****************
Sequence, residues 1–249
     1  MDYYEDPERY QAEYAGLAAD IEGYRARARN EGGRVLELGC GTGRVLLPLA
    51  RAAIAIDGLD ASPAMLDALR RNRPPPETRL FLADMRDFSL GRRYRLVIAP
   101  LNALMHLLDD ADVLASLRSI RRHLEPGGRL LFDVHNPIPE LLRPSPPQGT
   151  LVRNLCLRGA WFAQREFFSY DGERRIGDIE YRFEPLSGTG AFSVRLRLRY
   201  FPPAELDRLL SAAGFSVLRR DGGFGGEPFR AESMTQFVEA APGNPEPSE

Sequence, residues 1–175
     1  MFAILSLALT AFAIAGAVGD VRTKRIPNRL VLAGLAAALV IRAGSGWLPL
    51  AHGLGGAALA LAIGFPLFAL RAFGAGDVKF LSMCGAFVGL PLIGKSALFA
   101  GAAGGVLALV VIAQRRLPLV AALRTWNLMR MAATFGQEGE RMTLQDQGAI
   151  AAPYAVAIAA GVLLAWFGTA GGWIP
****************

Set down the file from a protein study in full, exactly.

Sequence, residues 1–249
     1  MDYYEDPERY QAEYAGLAAD IEGYRARARN EGGRVLELGC GTGRVLLPLA
    51  RAAIAIDGLD ASPAMLDALR RNRPPPETRL FLADMRDFSL GRRYRLVIAP
   101  LNALMHLLDD ADVLASLRSI RRHLEPGGRL LFDVHNPIPE LLRPSPPQGT
   151  LVRNLCLRGA WFAQREFFSY DGERRIGDIE YRFEPLSGTG AFSVRLRLRY
   201  FPPAELDRLL SAAGFSVLRR DGGFGGEPFR AESMTQFVEA APGNPEPSE

Sequence, residues 1–175
     1  MFAILSLALT AFAIAGAVGD VRTKRIPNRL VLAGLAAALV IRAGSGWLPL
    51  AHGLGGAALA LAIGFPLFAL RAFGAGDVKF LSMCGAFVGL PLIGKSALFA
   101  GAAGGVLALV VIAQRRLPLV AALRTWNLMR MAATFGQEGE RMTLQDQGAI
   151  AAPYAVAIAA GVLLAWFGTA GGWIP